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Tutorials are an often necessary part of playing a game, but there’s no doubt that when you have a lot of mechanics to teach that require a lot of time to learn, the player’s experience with learning them is often not very fun. The challenge with tutorials is making the experience fun while simultaneously educating the player.
Single-player tutorials are usually easier to turn into fun experiences. The player expects to play against A.I. opponents in an experience that will last several hours, so the designer has seemingly all the time in the world to slowly train them as the tutorial is integrated in the experience. In a multiplayer experience however, players expect to play against other opponents instead of A.I ones, so the tutorial is a separate entity where every minute spent in a training match instead of a live match is time taken away from the player’s potential enjoyment.
Displayed above is a representation of Csikszentmihalyi’s flow graph, which shows that the requirements for being in the flow area is for a player to have the skills that correspond to the level of challenge they face. Having too little skill will stress them out while having too much will make the experience boring. Each number represents a stage during the natural progression of a player for an average multiplayer game.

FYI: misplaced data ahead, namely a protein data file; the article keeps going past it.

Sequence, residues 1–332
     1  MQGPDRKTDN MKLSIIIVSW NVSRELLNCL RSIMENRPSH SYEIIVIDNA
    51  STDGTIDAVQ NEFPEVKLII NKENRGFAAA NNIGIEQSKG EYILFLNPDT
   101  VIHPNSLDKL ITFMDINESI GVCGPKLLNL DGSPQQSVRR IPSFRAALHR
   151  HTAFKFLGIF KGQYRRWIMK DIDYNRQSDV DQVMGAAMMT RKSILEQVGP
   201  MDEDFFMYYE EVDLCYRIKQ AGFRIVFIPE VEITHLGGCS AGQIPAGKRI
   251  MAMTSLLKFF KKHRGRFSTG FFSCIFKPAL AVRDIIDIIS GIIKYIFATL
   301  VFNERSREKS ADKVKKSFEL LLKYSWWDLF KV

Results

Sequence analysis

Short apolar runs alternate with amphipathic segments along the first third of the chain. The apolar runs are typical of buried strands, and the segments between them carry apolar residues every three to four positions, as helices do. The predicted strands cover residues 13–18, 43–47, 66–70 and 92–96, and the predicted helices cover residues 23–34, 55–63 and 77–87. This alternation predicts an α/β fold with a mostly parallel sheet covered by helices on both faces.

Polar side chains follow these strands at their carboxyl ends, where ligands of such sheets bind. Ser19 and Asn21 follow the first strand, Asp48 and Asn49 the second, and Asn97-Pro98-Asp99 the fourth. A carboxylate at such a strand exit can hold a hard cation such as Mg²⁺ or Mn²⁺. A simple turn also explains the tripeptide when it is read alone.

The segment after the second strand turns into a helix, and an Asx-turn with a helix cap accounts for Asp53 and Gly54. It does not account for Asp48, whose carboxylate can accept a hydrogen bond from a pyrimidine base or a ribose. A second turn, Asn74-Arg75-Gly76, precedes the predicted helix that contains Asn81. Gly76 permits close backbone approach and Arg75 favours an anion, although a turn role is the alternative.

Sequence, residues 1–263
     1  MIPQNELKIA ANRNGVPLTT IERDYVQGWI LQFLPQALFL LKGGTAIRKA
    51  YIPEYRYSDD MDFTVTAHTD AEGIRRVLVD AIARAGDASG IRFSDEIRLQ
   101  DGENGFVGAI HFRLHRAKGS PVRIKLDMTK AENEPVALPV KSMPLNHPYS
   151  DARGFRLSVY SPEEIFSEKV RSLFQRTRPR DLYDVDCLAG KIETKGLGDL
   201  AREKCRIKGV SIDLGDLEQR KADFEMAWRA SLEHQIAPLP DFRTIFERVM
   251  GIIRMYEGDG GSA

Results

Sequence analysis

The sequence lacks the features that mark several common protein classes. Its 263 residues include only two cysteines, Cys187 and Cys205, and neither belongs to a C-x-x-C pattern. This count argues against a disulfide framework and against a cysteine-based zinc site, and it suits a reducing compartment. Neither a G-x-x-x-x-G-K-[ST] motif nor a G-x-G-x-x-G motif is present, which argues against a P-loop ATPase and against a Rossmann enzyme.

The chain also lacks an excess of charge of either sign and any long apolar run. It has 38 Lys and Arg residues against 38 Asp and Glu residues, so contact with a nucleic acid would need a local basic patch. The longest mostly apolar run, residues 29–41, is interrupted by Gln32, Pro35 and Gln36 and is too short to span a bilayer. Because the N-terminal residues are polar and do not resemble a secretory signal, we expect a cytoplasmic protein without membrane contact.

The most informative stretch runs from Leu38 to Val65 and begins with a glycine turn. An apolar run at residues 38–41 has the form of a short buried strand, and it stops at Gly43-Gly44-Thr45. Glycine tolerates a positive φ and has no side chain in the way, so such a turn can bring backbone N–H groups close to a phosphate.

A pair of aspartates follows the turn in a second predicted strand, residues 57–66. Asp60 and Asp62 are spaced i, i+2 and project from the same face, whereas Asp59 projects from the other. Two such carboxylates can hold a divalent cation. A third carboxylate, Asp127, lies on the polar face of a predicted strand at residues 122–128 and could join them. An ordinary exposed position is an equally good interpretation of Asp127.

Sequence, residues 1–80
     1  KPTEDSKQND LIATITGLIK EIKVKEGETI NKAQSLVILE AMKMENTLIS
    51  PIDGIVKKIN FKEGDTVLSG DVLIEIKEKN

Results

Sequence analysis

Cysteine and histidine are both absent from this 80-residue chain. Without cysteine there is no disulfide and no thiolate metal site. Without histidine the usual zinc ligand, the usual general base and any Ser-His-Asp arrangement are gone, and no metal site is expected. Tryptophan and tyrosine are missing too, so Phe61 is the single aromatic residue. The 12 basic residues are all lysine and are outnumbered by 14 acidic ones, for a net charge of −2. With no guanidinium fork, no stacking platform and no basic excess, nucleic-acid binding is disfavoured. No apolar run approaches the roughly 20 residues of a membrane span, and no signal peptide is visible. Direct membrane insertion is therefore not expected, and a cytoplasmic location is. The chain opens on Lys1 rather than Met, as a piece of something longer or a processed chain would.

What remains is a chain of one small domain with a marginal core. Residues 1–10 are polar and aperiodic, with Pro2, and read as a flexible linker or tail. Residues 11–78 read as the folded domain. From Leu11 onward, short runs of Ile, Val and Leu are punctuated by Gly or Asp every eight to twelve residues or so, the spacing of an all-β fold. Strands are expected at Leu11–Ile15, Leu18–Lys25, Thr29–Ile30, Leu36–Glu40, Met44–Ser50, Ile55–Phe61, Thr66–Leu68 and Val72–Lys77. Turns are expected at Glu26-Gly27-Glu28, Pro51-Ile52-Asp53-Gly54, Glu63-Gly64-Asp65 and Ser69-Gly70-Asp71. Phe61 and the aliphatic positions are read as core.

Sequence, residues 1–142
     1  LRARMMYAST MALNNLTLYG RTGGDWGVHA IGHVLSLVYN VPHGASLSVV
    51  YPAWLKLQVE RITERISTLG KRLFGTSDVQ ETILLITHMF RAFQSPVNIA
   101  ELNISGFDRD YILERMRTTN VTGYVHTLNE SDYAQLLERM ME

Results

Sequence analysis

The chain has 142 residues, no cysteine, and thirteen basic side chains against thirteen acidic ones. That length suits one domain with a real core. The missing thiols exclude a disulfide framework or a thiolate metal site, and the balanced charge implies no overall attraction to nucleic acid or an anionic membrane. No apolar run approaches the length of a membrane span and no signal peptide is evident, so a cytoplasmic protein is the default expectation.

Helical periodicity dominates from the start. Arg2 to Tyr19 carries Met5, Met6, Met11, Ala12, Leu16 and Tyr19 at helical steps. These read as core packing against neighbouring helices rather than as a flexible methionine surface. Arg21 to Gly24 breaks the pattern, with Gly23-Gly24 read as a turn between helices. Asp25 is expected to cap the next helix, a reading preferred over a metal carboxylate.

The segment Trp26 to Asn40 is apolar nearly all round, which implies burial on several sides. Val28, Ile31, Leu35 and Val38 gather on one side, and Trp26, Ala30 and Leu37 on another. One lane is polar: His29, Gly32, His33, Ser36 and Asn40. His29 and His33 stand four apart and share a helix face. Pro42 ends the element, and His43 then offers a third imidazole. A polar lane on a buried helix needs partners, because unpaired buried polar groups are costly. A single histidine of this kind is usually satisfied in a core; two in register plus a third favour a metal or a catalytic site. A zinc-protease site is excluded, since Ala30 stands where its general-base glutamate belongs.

1. The player just started playing the game. Their skill is probably low, so the challenge they set for themselves is probably low as well. Rather than attempt to win a match, they’ll first task themselves with learning some new moves and attacking a few enemies. Because the low challenge corresponds to their low skill, they enter flow. As they learn more about the game and the challenges with mastering it, they see that their skill is not yet ready for that challenge and then exit flow.
2. At some point the player realizes they have no idea how to play and goes through the tutorial so that their skill will better match their challenges. The experience isn’t usually very fun, so they just end up being bored and wondering when they’ll get to play with other people. Until they get to experience the full game with others, there will be an unavoidable feeling of boredom.
3. Regardless of how much information the player receives before their first match, they will still be a brand new player in a match with others that likely have played more matches—even if only a few more. When your player is unfamiliar with map layouts and optimal tactics while being judged by those who are, there will be an unavoidable feeling of anxiety.
4. After a few matches the player will lose a lot of their initial anxiety as they start to get better. When their abilities improve and they are better able to confront the challenges presented from other players, they will start to experience flow again.